More recently, a few months ago in fact, there was a bitter argument between a scab and a striker - Keith "Froggy" Frogson - from Annesley Woodhouse in North Nottinghamshire. It got violent and the striker was killed. Before finally being arrested, the scab hid out for weeks in Sherwood Forest and the police search for him was featured on the national news several days running. The striker's funeral turned into a huge event with hundreds of people turning out from all over to honour him. As for myself, I still bristle up whenever I pass a scab in the street. Earlier in the year I attended a meeting protesting the proposed phasing out of care attendants for old people, a typical cost cutting exercise Rotherham council regularly tries out in the hope we get tired of responding. A scab from 1984 got up to say his bit more or less justifying the council's proposals. If anything, he was even more stupid, cocksure and arrogant than ever. In a way this is hardly surprising. Though this apology for a human being was axiomatic in destroying our community, it is their world all right, as the essence of a scab – knifing comrades, neighbours and workmates in the back – is the very essence of our free market society.
Friends and a resume
In particular here I must mention certain individuals who were exceptionally helpful as well as being tremendously clued-in theoretically in cutting through the crap. The autonomous French grouping, Os Cangaceiros was one such, as were radical individuals like Nick Brandt. The latter was particularly generous with his money as well as participating in creative episodes. For instance, seeing Xmas was coming up and with the strikers children in mind, he told me how he had asked smart London shops for donations to the miners' strike and those that didn't cough up he and his mates would rip-off blind. Mind you, even those shops that agreed also were shoplifted, but it didn't really matter as they had more than enough in this society of raging inequality. Thus all kinds of goodies were delivered to us. I remember Nick brought up smoked salmon which miners responded to by jokingly declaring: "What's this - uncooked fish caught off Bridlington pier" as they gobbled it up like there was no tomorrow!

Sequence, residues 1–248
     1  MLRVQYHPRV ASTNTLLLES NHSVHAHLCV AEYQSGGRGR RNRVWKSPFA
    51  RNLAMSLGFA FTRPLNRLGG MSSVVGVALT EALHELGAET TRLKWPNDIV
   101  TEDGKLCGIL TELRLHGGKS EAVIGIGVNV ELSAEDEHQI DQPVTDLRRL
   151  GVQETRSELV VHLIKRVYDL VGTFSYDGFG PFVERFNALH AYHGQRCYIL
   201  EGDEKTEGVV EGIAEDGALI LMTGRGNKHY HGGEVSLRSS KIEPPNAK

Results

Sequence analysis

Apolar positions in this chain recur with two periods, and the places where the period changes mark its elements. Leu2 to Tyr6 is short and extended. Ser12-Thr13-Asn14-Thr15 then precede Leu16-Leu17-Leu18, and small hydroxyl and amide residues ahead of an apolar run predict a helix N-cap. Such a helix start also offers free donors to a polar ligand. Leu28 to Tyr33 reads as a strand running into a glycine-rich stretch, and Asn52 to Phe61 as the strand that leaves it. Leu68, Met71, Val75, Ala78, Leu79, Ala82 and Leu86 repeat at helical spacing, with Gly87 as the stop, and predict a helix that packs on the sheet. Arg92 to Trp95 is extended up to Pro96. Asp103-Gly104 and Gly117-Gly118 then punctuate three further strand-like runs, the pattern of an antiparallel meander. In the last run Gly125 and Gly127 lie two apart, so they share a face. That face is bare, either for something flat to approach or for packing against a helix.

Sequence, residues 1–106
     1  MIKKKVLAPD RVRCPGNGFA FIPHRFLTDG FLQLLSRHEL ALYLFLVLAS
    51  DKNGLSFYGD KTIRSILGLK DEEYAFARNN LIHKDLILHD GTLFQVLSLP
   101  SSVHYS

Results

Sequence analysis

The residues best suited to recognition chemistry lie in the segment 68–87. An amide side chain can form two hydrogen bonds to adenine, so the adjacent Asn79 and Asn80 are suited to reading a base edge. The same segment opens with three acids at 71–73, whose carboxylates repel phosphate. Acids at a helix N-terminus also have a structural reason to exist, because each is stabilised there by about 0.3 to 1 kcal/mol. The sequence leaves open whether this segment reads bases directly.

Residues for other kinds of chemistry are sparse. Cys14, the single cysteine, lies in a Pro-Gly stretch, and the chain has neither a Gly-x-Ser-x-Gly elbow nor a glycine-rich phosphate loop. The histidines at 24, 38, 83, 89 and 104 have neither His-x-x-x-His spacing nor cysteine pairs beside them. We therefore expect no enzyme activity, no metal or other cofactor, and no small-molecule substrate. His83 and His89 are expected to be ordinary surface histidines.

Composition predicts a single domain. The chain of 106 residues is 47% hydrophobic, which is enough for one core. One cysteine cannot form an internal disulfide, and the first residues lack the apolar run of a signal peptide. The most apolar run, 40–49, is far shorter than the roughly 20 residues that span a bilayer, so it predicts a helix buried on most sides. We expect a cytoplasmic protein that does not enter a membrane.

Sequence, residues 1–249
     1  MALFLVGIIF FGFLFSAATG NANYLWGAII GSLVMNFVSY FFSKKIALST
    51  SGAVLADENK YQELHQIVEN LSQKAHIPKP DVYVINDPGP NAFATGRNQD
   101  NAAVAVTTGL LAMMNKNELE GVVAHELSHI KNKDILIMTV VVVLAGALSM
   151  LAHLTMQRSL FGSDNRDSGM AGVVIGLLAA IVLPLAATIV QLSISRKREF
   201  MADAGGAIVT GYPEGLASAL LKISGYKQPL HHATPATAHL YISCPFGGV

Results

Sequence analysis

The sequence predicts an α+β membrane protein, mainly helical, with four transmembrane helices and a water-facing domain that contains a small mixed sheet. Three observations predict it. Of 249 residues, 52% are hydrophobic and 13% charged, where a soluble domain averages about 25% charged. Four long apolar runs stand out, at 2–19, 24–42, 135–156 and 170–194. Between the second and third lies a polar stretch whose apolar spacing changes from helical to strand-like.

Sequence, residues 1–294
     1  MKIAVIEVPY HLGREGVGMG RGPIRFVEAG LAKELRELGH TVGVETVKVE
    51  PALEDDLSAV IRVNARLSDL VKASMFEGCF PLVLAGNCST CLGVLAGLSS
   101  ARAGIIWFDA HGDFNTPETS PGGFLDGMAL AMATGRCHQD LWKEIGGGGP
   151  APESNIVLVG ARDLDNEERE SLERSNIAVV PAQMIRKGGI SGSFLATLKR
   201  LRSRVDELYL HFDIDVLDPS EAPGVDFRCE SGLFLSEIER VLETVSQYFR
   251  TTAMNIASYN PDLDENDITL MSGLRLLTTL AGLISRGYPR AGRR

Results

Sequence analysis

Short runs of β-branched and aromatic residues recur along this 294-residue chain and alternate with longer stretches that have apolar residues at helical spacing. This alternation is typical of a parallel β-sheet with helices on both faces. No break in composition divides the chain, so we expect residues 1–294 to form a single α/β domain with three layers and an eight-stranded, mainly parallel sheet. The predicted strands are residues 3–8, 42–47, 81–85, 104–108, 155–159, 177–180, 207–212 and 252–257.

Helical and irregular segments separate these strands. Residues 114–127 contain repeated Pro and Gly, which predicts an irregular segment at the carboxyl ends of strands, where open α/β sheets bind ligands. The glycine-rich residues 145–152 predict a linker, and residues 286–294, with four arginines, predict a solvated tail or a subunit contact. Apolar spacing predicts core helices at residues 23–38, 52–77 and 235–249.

Bit by bit throughout the strike you gradually became aware how a lot of the strike's supporters saw the struggle – if not as their own – but as if their lives somehow depended on its outcome. In a sense as the strike went on and on, you realised our struggle was a struggle for the whole of society although not realising this sharply until much later – even years after the event. You were also aware of how some young people from the upper echelons of society were hungry for your reality experiences and latched on to you as a form of surrogate life – sometimes giving you survival money as payment for feeding off your life. For a while this type of thing was OK but as the darkening years unfolded after the bitter defeat marking the end of the miners near civil war, it often felt like a leeching on your body, like you were being sucked dry by some vampire as increasingly some of them more and more criticised you for your inadequacies – even looking for all your Achilles heels – possibly because you hadn't saved them from their upper middle class fate which they had professed to loathe so much. It finally really pissed you off.... it was like you were merely actors in some real life soap opera – a situation they peered into only to tick you off – then to withdraw back into their own rarefied, privileged world – until the time came to tick you off all over again when they needed some extra oomph in their empty lives!
The emphasis here must be on the darkening years and the responses of different individuals. If we'd won everybody would have reacted in far more amenable, communitarian and understanding ways. That is apart from the real powers that be, who would have been in a state of complete panic and which all of us, bar none, would have relished.